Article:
Del McCoury Hosts Fifth Annual DelFest
Del and Steve Martin. Photo by Bill Merlavage
Del McCoury hosted his fifth annual DelFest at Maryland’s Allegany County Fairgrounds over Memorial Day weekend, drawing together performers spanning and inspired by all forms of traditional bluegrass music.
Fans arriving early Thursday were treated to an abbreviated four-band lineup starting with the first of three sets from The Del McCoury Band. Split Lip Rayfield and The Devil Makes Three followed their hosts before Railroad Earth delivered the first of their two shows for the weekend, touching on favorites “Mighty River,” “Like a Buddha” and “Bird in a House.”
Friday began the first full day of music and by the time Luther Dickinson and The Wandering took the stage for their late afternoon slot, most 3-day campers were settled in and ready to enjoy the North Mississippi All Stars guitarist’s take on “You Are My Sunshine,” just as the midday heat began to subside.
Well dressed as always, The Del McCoury Band came on at approximately 8:00 for their Friday night headlining set. Special guests would have to wait for Saturday, as the band stuck to its standard lineup of Ronnie McCoury on mandolin, Robbie McCoury on banjo, Jason Carter on fiddle, Alan Bartram on upright bass and leading man Del McCoury on guitar. The band offered versions of “Nashville Cats,” the instrumental “Wheel Hoss,” Hank Williams’ “You Win Again” and Bill Monroe’s “I’m In Despair.” Midway through the set, McCoury recalled a Live Phish recording of “Beauty of My Dreams,” and dedicated the tune to Ernest Anastasio, Trey Anastasio’s father, who McCoury said was present at the festival. The band encored with “High On The Mountain” and “Gone But Not Forgotten” before calling it a night.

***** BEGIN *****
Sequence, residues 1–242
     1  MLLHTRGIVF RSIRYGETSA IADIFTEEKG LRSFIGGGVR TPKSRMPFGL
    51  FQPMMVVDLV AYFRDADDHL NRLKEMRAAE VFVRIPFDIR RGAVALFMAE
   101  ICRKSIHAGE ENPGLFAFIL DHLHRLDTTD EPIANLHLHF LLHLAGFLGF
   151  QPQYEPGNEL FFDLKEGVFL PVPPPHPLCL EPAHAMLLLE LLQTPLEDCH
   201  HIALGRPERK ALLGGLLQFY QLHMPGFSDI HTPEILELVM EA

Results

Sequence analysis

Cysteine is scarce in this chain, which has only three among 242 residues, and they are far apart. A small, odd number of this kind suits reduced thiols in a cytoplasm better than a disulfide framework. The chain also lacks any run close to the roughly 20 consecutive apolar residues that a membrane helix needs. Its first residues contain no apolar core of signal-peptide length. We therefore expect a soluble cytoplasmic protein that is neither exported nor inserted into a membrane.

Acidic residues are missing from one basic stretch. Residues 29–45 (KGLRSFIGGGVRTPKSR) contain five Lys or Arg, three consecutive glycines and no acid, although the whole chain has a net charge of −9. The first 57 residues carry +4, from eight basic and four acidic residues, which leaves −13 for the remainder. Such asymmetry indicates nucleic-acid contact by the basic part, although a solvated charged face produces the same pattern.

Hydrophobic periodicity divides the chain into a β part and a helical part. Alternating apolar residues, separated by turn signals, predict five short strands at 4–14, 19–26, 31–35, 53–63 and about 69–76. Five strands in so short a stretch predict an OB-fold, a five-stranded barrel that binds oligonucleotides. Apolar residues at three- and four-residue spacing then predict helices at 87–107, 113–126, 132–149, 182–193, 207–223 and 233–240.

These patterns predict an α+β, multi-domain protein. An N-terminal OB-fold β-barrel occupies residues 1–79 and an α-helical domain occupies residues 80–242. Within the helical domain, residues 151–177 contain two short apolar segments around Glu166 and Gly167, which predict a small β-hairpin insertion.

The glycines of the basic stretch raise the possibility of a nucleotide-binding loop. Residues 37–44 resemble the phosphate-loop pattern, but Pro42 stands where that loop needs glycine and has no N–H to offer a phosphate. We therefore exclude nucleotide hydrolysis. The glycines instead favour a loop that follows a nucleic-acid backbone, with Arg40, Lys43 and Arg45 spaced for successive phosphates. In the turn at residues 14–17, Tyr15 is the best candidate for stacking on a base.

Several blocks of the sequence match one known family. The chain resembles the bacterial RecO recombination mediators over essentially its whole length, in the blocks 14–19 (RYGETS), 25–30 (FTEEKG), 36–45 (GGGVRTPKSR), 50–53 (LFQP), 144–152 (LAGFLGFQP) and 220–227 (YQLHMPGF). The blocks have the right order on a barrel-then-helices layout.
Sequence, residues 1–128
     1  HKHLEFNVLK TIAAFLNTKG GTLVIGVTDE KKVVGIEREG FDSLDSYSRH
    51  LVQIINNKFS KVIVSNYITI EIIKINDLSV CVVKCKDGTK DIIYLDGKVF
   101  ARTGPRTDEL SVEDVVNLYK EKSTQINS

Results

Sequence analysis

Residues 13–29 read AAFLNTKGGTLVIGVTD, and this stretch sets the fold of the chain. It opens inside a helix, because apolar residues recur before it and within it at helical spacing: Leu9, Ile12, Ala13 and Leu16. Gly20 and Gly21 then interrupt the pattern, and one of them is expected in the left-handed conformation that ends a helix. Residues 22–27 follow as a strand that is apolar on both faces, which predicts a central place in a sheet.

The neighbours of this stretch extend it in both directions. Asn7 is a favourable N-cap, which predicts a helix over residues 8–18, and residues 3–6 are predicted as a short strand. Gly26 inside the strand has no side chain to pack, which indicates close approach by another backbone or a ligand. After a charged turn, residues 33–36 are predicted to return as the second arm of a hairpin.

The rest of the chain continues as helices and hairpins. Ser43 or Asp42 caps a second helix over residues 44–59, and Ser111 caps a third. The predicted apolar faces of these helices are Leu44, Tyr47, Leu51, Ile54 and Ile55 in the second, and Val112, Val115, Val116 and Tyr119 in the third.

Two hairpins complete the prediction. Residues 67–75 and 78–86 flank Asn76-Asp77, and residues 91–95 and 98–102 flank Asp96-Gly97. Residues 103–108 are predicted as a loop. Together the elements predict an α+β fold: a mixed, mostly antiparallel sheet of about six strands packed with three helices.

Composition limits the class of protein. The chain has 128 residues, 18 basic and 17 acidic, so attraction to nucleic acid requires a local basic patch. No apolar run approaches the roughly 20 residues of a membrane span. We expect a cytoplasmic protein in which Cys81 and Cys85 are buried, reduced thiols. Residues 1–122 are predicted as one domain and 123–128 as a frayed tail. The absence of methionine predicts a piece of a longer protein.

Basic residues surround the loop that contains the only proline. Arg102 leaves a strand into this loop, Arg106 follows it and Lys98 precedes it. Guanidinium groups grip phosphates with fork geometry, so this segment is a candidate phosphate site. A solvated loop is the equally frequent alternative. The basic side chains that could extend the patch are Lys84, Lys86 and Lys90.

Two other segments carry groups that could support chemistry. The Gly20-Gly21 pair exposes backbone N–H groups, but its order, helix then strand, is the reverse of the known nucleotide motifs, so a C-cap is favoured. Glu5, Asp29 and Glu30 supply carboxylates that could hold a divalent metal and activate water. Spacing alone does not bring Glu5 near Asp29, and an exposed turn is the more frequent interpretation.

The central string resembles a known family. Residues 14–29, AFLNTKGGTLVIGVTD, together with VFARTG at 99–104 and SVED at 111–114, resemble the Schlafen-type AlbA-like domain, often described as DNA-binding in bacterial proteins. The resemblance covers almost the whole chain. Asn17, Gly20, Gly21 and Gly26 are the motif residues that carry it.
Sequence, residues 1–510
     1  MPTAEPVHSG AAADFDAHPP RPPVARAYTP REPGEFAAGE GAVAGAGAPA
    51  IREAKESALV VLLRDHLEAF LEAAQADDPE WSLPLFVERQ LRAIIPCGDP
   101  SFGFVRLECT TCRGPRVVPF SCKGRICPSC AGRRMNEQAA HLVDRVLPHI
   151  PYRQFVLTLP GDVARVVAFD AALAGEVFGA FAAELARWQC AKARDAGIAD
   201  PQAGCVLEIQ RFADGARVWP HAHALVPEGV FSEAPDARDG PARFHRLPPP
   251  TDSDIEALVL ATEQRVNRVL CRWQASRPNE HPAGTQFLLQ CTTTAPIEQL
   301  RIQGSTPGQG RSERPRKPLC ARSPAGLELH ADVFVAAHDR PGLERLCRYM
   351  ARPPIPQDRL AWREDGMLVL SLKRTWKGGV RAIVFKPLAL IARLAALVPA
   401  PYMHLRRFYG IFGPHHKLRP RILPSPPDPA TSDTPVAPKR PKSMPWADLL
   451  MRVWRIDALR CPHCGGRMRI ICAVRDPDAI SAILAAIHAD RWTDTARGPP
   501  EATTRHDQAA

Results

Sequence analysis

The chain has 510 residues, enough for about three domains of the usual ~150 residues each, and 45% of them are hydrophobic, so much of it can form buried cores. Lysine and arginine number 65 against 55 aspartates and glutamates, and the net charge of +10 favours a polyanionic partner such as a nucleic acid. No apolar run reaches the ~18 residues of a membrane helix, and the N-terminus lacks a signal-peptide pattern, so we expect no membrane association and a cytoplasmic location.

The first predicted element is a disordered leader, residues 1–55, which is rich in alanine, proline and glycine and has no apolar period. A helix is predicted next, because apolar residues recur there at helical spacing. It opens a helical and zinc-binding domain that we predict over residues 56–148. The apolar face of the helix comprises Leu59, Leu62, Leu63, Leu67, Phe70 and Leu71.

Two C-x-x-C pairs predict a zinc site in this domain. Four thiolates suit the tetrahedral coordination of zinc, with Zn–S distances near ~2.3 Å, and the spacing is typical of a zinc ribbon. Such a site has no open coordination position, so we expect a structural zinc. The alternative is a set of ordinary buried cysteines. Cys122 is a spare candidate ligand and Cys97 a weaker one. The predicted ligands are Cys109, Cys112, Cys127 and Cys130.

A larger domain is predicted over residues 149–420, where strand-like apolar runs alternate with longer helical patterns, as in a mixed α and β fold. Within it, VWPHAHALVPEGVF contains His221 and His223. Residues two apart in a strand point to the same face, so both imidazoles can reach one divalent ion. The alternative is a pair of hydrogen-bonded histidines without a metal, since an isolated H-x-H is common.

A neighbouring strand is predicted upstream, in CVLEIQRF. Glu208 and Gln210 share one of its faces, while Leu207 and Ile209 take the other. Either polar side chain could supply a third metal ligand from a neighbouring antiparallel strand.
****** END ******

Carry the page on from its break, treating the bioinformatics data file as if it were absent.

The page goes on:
Progressive jamgrass leaders Yonder Mountain String Band were on for Friday night’s final Granstand stage set. Yonder’s set featured sit-ins from Del and his son Ronnie, but it was the combination of Railroad Earth’s Tim Carbone and The Del McCoury Band’s Jason Carter joining Yonder and Darol Anger, who sat in for the entire Yonder set aside from the “I Love My Job” opener, on stage for a powerful three-fiddle take of “Dawn’s Early Light” that segued into The Talking Heads tune “Girlfriend Is Better.” Carter and Carbone remained for “Two Hits and the Joint Turned Brown.” Takes on “Angel” and “Sharecropper’s Son” highlighted the rest of Yonder’s performance.
Fans then meandered over to the Music Hall for the first of three DelFest late night offerings. Following an opening set from Greensky Bluegrass, Railroad Earth returned to the stage, eventually inviting Yonder mandolinist Jeff Austin on for a version of “Mission Man.” Versions of “Lone Croft Farewell,” “Old Man and the Land” and “Daddy-O,” highlighted the roughly two hour set and anyone losing steam as the clock rounded three a.m. caught a second wind with an energized “Spring-Heeled Jack.” The self-titled ballad “Railroad Earth” closed the set before a “Head” encore finally wrapped up day one at DelFest.
On Saturday, Greensky Bluegrass welcomed Ronnie McCoury for Phish’s “Water In The Sky,” but it was The Travelin’ McCourys featuring Keller Williams who displayed the traditional McCoury boys’ true musical range. The cover heavy performance spanned My Morning Jacket’s “I’m Amazed,” “Pumped Up Kicks” by Foster The People, and “Hot Stuff” as a nod to the career of the late Donna Summer, all leading up to Del McCoury’s sit in for a take on Keller’s ode to bluegrass music, “Bumper Sticker.”